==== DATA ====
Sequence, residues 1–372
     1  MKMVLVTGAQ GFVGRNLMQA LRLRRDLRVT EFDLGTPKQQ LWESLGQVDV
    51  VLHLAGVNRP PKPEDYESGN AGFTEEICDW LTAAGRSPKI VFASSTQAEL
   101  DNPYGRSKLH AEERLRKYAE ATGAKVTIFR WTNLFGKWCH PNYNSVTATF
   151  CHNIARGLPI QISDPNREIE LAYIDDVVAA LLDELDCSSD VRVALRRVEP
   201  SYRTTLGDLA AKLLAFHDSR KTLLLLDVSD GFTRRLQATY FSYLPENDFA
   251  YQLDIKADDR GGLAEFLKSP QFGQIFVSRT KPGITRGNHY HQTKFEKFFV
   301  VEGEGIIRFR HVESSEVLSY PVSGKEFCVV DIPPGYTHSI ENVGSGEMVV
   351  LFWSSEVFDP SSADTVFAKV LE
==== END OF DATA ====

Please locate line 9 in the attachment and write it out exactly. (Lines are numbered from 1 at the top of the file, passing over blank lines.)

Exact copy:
   351  LFWSSEVFDP SSADTVFAKV LE